Spanish Exchange Students
On September 4, 2012, twenty Spanish high school students and two teachers arrived from Spain to spend 3 weeks with Hanover High School host families.
For the last 22 years, Hanover High School has participated in a “homestay exchange” program with Instituto Gerald Brenen high school in Alhaurín de la Torre, Málaga, located in southern Spain. The Mano a Mano (Hand-to-Hand) Exchange Program is an exciting and rewarding experience to welcome Spanish students and introduce them to our culture.
The Spanish and American students were paired based on similar interests and preferences. With an early exchange of emails, communication via Facebook and email between the students started long before our Spanish friends arrived in this country.
Many preliminary meetings to explain the responsibilities and expectations of the host family and student occured. Much work by the Foreign Language Department went into planning a fun-filled, exciting, educational experience for the students and their host family.
The adventure started with a welcome potluck dinner at Ethan Winter’s house, followed by a few days of classes at HHS and tours of Dartmouth College. Several busy field trips were organized for the Spaniards to experience New England, including trips to New York City; Burlington, VT; Portsmouth, Manchester and Lebanon, NH; and Boston, MA. Shopping trips were a highlight for the Spaniards because many things are less expensive in the US than in Spain, especially electronics and pharmacies like CVS, “because they have so many things and everything is so cheap,” one student noted. And last but not least, on a beautiful sunny day, the Spaniards hiked to the top of Mt Cardigan, where they were treated to a gorgeous panoramic view of the NH mountains.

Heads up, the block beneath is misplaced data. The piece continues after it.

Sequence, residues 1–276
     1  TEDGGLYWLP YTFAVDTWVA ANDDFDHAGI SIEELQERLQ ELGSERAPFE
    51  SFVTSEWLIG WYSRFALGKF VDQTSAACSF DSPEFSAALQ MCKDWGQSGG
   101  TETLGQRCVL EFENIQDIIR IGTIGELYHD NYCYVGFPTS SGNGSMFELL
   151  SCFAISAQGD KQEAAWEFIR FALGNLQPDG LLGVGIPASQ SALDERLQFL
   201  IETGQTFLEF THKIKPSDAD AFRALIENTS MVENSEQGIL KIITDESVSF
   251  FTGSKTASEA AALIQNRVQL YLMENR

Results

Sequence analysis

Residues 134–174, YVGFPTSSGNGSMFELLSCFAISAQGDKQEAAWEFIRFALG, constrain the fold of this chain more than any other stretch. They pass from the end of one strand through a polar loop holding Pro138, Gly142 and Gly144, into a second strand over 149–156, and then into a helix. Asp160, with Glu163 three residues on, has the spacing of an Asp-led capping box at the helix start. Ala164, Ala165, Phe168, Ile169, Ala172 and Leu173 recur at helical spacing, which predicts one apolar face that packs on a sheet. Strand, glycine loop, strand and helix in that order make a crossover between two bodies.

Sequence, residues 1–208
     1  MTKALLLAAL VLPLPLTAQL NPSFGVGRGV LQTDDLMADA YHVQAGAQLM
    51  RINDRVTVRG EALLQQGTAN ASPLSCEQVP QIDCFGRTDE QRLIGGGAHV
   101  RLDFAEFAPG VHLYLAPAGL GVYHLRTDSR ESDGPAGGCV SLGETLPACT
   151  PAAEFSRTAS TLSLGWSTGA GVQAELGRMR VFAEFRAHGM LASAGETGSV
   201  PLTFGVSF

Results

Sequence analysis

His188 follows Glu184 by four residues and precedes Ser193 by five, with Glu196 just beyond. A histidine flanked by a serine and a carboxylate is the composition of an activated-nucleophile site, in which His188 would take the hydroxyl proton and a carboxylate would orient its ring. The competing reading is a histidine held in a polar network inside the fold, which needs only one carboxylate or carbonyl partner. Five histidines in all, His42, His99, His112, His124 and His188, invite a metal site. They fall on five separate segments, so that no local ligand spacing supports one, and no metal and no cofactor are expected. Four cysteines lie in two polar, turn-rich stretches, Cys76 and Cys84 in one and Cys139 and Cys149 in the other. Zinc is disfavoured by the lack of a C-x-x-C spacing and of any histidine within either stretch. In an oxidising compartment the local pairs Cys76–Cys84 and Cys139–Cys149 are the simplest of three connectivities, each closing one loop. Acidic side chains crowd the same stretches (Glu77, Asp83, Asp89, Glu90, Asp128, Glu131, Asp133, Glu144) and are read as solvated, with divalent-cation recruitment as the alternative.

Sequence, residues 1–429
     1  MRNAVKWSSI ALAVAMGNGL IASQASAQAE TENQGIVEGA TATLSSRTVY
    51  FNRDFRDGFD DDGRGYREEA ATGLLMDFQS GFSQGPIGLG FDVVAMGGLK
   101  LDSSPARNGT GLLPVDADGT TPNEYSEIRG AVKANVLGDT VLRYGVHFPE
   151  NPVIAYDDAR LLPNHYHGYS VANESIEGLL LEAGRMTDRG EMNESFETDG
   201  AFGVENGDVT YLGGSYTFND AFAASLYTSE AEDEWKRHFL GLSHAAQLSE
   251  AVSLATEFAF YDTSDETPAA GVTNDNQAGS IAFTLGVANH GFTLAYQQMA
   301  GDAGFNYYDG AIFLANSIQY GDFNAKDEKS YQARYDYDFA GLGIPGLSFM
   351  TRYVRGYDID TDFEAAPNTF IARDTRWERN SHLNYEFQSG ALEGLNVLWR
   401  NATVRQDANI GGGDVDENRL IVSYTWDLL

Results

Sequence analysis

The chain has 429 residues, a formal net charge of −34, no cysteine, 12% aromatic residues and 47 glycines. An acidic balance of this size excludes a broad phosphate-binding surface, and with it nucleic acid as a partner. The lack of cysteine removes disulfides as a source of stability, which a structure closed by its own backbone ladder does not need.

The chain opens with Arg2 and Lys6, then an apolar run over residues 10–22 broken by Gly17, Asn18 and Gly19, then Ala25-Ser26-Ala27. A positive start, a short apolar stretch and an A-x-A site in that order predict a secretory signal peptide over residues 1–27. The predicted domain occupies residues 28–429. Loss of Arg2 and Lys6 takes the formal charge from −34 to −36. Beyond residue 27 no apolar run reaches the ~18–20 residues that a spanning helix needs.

In addition to their road trips and shopping, the students liked being included in their host family’s daily life, doing all the regularly scheduled activities of an American family. They were involved in the household chores, cooking, setting the table, doing dishes, gardening, trips to the dump, grocery shopping, and stacking wood piles. Outings with the host families also included apple picking, the Tunbridge Fair, movies at the Nugget and the Dartmouth HOP, HHS football and soccer games and the Norwich Farmers’ Market.
We learned that Hispanic cultures appreciate the art of conversation. They had varying levels of expertise in English, but they all loved to talk and laugh and everyone’s English improved during their visit. One of the host students, Ila, noted that ” family is really important there (in Spain).” Students spent a lot of time talking about their families and communicated with them often. We learned that Spaniards eat dinner very late at night and for them meals represent social time.
The farewell dinner, hosted by Clare Synder and her family, was a great send off. The theme was a Thanksgiving meal, and for most of the Spanish students, this was the first turkey and pumpkin pie they had ever eaten. After dinner, the Spanish students entertained everyone with beautiful Spanish Flamenco dancing and Spanish poetry.
We want to thank all the Spanish teachers for organizing an amazing, very organized fun exchange program. Their guidance, flexibility and patience have made this program an enormous success. It was rewarding to learn about Spain and its culture first-hand from the perspective of students who live there. It was an honor for our school to host the students. We will have wonderful memories and friendships to last a lifetime. As students learn more about one another, we gained a deeper appreciation for both cultures. It is this inter-cultural educational experience that challenges us to learn about the world and expand our knowledge.
Goodbye to Paula, Alba, Sara, Mario, José Luis, Victor, Alexandra, Carlos, Pablo, Clara, Immaculada, Inés, Carlos, Iván, Paula, Noelia, Carlos, Raquel, Luisa and Pedro Luis. We will miss you all and look forward to seeing you in Málaga, Spain in April 2013.